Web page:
Instashare -An iOS/Mac app for instant transfer of files

After viewing my post on the benefits of FileBrowser, one of my Twitter colleagues alerted me to an app I had not heard of with similar functionality – Instashare. After downloading and checking it out, I thought I would do a quick tutorial and review on Mr G Online as I think, with future planned updates, this app will become a useful addition to the educational setting of iPads I blog about most frequently.

In a nutshell, Instashare is both an iOS app  and Mac application that uses a very simple drag and drop interface to transfer photos, videos and supported files from one iOS device to another with absolutely no set up required other than downloading the app onto your device. Here is the Product Description straight from the App Store.

SIMPLE FILE SHARING
You don’t need to be tech-savvy to share files.

WORKS WITHOUT INTERNET
You don’t need to be connected to internet, just use local wi-fi or Bluetooth to transfer file.

SIMPLE TO USE
No need to pair devices or setup transfer. Designed for quick and easy file sharing.

NO REGISTRATION
Just open app and start sharing files, no need to enter email or passwords.

NO FILE TYPE LIMITS
You can transfer any file type, no restrictions. MP3, images, pdf, presentation and way more.

DOWNLOAD FOR FREE!
Mac version available from instashareapp.com

What the app does, it does very well. Here is a short video that shows how it operates ( no commentary included)

I’ll describe here what is happening in the video. Basically, you open the app on your iOS device ( in this case, the iPad) and any device that has the app open ( the app does need to be open – it doesn’t work in the background), will appear on the screen. You then simply select the file to transfer, drag it to the desired device and it will transfer over to that device, be it Mac computer, iPhone, iPod Touch or iPad ( from reading Twitter updates, an Android version may have just been released).

What you will notice on the video is that the first transfer I attempted failed. This was because the app on the other device, the first time you use it, brings up a dialog box to accept the file. If this is not allowed, the transfer will not take place. You have the option of Allow or ALWAYS Allow.

On my own devices, I chose ALWAYS Allow so I don’t have to continue to accept the transfer manually, particularly if I am not next to the computer I want to transfer to. Now, when I drag and drop to the my devices, it happens automatically.

On the iPad, there is enough screen space to drag over to the device. On the iPhone, when you drag the file, the screen switches automatically to the target device.

The drag and drop interface is definitely an improvement on the FileBrowser interface and the direct transfer between iOS devices will come in handy when a student wants to submit a file to the teacher if they both have iPads.

From other apps, Instashare is one of the choices in the OPen in Another App… option so you can quickly transfer a Pages document, a file from the DropBox or Google Drive  app as an example. Also, it is free, unlike FileBrowser.

Instashare, however, still has some major flaws that will keep me using FileBrowser. Having said that, the developer has informed me that some of these deficiencies have been addressed in an update awaiting review in the App Store.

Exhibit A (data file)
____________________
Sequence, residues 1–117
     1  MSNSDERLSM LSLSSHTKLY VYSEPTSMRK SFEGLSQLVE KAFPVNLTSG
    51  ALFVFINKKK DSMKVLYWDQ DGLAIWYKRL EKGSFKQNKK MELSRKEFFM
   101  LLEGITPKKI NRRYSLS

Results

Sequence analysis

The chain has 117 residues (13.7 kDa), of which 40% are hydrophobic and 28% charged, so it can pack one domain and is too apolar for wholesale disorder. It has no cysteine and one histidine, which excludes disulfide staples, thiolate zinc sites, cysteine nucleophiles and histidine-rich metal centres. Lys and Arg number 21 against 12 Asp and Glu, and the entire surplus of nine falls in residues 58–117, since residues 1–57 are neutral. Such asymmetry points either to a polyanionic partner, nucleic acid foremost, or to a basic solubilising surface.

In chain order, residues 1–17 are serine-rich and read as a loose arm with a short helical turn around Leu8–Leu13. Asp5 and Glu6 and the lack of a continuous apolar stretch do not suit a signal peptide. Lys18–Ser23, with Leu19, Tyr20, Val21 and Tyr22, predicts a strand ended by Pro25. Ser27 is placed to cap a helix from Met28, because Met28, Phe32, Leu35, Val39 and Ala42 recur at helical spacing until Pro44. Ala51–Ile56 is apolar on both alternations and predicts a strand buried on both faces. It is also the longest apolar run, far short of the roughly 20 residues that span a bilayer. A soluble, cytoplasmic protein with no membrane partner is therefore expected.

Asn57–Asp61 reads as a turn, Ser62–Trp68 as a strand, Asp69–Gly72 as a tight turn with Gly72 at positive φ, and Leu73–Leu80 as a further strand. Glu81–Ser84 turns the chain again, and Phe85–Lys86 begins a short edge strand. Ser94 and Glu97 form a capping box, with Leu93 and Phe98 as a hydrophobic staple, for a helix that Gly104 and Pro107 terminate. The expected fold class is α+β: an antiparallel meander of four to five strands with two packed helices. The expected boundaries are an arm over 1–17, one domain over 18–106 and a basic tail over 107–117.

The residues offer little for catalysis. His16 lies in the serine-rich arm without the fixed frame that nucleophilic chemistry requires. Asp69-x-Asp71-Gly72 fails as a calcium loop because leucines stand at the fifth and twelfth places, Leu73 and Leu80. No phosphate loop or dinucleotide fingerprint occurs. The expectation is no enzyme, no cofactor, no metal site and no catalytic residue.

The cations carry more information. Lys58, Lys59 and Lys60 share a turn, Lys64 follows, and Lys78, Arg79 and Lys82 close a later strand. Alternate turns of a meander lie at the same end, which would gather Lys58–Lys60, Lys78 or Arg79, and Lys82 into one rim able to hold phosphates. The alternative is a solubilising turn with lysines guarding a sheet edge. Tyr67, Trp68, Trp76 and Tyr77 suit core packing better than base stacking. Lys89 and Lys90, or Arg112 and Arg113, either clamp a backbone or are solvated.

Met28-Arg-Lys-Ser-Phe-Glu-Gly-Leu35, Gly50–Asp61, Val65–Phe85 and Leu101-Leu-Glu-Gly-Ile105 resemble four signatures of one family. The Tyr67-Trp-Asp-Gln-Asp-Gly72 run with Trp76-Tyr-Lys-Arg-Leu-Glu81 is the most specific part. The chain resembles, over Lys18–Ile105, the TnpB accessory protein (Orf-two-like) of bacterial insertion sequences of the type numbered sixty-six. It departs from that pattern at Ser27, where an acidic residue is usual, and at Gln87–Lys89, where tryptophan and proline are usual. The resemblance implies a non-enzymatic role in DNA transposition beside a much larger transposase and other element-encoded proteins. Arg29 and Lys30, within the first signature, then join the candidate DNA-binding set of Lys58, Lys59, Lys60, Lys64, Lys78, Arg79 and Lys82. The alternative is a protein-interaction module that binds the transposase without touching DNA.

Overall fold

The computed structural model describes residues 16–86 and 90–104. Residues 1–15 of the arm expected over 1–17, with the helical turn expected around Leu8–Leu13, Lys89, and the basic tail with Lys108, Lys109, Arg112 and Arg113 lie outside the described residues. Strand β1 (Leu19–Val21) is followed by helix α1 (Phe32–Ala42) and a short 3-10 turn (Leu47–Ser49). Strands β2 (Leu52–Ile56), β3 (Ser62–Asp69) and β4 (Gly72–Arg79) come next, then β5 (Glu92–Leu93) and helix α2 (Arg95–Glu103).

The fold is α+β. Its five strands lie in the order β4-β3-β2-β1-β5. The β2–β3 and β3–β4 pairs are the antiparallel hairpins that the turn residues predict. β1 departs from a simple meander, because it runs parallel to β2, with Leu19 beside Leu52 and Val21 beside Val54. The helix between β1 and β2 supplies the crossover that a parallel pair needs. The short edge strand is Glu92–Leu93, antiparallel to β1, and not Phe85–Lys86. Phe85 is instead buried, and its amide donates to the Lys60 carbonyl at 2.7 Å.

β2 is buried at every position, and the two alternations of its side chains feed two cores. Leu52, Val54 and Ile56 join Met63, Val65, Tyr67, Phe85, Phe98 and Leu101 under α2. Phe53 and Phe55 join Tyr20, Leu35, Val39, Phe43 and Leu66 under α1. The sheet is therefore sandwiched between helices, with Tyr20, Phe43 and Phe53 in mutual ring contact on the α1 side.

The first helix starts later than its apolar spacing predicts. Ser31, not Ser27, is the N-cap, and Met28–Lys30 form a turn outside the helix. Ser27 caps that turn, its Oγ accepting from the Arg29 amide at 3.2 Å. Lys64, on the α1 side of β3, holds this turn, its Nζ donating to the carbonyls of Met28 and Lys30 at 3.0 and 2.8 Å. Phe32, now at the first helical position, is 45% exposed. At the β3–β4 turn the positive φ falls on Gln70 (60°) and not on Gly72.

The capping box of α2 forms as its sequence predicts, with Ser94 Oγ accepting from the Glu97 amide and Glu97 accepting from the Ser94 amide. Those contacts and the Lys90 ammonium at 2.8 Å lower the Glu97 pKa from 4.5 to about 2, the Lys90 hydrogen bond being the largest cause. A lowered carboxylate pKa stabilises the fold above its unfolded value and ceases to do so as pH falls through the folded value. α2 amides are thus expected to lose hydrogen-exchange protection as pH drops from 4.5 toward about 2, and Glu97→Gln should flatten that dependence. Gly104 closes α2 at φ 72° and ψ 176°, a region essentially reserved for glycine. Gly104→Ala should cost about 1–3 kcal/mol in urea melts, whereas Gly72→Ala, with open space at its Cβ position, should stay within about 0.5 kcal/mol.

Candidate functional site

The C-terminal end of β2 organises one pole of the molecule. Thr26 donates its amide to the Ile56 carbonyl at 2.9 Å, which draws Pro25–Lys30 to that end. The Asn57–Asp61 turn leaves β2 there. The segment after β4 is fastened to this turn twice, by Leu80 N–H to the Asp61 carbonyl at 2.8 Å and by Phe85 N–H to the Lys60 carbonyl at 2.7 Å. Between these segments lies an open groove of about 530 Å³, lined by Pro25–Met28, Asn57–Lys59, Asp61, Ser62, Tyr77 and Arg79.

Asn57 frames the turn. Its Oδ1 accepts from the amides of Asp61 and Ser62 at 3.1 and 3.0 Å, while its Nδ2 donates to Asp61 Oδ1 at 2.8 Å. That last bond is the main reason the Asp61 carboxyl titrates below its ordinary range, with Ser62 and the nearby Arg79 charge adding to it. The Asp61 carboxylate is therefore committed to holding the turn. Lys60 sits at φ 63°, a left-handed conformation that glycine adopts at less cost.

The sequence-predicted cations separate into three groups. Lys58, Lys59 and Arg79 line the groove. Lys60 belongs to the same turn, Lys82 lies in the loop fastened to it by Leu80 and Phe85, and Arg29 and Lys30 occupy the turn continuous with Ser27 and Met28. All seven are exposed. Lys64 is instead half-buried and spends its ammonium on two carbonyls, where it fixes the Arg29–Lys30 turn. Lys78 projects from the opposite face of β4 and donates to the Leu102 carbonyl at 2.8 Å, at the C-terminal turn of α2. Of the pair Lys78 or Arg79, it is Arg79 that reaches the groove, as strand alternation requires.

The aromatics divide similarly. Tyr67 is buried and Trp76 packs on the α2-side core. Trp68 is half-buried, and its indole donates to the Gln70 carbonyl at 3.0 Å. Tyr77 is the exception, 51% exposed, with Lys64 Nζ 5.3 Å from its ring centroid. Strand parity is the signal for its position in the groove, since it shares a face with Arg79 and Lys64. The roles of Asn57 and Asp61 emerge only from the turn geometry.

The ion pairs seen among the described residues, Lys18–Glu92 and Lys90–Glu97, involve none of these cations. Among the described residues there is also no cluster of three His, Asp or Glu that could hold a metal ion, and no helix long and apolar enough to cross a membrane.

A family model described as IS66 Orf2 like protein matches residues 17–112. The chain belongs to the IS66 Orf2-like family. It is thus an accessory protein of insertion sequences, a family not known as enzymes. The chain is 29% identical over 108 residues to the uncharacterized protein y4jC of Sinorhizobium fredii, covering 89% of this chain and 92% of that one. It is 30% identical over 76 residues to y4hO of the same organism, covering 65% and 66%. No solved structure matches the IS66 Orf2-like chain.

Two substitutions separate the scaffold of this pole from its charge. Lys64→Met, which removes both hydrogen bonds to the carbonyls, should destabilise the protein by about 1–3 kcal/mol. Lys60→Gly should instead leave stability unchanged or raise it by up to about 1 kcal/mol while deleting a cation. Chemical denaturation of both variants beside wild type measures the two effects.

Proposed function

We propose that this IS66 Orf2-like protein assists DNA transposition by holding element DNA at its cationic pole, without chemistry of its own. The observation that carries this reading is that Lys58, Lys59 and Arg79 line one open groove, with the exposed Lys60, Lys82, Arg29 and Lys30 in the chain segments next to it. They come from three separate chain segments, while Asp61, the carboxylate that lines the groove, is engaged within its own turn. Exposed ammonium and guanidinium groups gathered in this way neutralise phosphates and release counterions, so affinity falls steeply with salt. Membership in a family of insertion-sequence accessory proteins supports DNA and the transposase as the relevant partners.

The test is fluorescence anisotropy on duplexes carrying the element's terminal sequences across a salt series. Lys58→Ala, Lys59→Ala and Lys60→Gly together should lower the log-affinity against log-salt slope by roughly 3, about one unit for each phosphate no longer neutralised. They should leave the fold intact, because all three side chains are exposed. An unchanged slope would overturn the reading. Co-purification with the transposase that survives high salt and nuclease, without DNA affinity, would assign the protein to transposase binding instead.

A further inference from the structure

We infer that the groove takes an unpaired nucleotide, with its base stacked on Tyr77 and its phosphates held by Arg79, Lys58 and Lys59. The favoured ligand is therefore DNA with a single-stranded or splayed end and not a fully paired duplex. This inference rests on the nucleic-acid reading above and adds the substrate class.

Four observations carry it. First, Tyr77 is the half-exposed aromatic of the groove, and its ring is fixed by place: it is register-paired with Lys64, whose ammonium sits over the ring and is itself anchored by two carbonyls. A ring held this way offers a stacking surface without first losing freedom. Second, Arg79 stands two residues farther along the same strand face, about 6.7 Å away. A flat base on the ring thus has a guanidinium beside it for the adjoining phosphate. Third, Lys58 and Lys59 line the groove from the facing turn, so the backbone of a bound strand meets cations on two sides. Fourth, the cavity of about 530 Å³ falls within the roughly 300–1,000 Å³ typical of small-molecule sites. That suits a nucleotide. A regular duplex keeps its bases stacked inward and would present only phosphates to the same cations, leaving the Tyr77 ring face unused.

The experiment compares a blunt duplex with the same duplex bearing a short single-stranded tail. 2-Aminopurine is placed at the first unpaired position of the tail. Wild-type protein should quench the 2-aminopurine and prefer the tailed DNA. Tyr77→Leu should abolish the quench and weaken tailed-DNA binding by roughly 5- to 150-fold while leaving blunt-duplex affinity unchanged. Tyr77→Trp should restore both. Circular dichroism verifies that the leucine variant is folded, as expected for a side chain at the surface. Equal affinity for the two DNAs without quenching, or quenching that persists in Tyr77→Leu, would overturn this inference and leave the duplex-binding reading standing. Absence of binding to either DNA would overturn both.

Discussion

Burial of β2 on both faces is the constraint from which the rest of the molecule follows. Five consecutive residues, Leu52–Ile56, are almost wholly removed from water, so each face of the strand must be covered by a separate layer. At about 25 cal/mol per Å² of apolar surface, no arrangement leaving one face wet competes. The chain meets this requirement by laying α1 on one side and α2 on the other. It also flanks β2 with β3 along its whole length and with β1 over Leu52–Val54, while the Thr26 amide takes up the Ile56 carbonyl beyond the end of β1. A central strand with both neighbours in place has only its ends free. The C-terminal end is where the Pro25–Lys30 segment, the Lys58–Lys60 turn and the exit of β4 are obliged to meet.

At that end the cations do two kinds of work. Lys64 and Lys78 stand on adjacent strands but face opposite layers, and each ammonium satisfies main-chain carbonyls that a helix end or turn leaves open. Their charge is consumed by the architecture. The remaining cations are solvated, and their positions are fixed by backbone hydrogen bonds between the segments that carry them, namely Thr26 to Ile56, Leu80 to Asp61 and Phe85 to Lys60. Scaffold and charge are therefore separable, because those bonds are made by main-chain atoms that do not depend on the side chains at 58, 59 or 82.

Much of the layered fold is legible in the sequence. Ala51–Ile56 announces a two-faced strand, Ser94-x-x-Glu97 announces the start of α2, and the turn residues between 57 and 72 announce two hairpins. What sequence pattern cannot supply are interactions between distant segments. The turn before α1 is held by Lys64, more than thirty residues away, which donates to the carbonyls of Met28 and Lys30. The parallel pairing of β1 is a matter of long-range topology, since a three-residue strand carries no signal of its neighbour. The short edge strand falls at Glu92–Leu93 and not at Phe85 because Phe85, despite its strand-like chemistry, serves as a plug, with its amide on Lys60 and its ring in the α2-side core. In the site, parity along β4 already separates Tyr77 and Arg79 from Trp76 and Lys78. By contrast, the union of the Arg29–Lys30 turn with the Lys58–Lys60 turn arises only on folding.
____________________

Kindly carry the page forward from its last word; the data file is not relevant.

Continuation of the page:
1. At present, you can only drag and drop one file at a time. This is fine if an individual student wants to send a single file to a teacher, but if you want to transfer 30 photos over to your computer, one at a time is not functional. This is apparently addressed in the next update, although I don’t know if there is a limit. FileBrowser has not limit.
  2. As of publishing this post, the required app needed to be installed on the computer side is Mac only. ( and it won’t work unless you download and install that Mac application, which has to stay open.) There are plans for other systems but at present, with the fast majority of schools being PC, this precludes its use beyond iOS device to iOS device transfer. FileBrowser, on the other hand, can connect to any networked computer and you do not have to install any related software for it to work.
  3. On the computer side, you have to designate a target folder that all transfers download to. You then have to manually transfer to other folders on the computer. FileBrowser allows you to browse to any folder and also allows you to create new folders direct from the app, meaning you do not have to have any access to the computer at all. You can also rename the file.
  4. It’s only a one way transfer service – from one device to the other. Yes, you can transfer from Mac to iPad by the simple drag and drop but you have to have access to the computer. With FileBrowser, you have control over both sides directly from the app, again not requiring physical access to the computer.

Despite these criticisms, I really like the app. If the next update brings in multi-file transfer, I’ll find myself using it a lot because of the drag and drop interface and the direct iOS to iOS option. The Bluetooth transfer can bypass issues on days when the school WiFi is in meltdown as well. Until it allows PC access and the ability to browse folders, though, I’ll be sticking with my very reliable and useful FileBrowser app. But with improvements to come in future updates, Instashare will become a serious rival to FileBrowser and other network apps.

My iPad – the “nearly a PC” for teaching

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Clearly from reading my blog, you can work out I love my iPad. Hopefully, you can also tell from reading my blog that I am also not a slavish “Apple Fanboy” who never finds fault with the product. Over the last year, I have been experimenting with the iPad extensively ( some would say obsessively) to see if I can completely do away with needing a laptop and relying exclusively on my ‘magical tablet’. As a teacher with ‘many hats to wear’, I rely on access to many computer dependent tools to complete my day to day responsibilities. What I have concluded is that if I was completely independent in carrying out my teaching, I would be almost laptop -free. Because I have to work within the constraints of a shared school environment, though, the iPad still had a little ways to go before it can completely replace my trusty MacBook Pro.

Assessment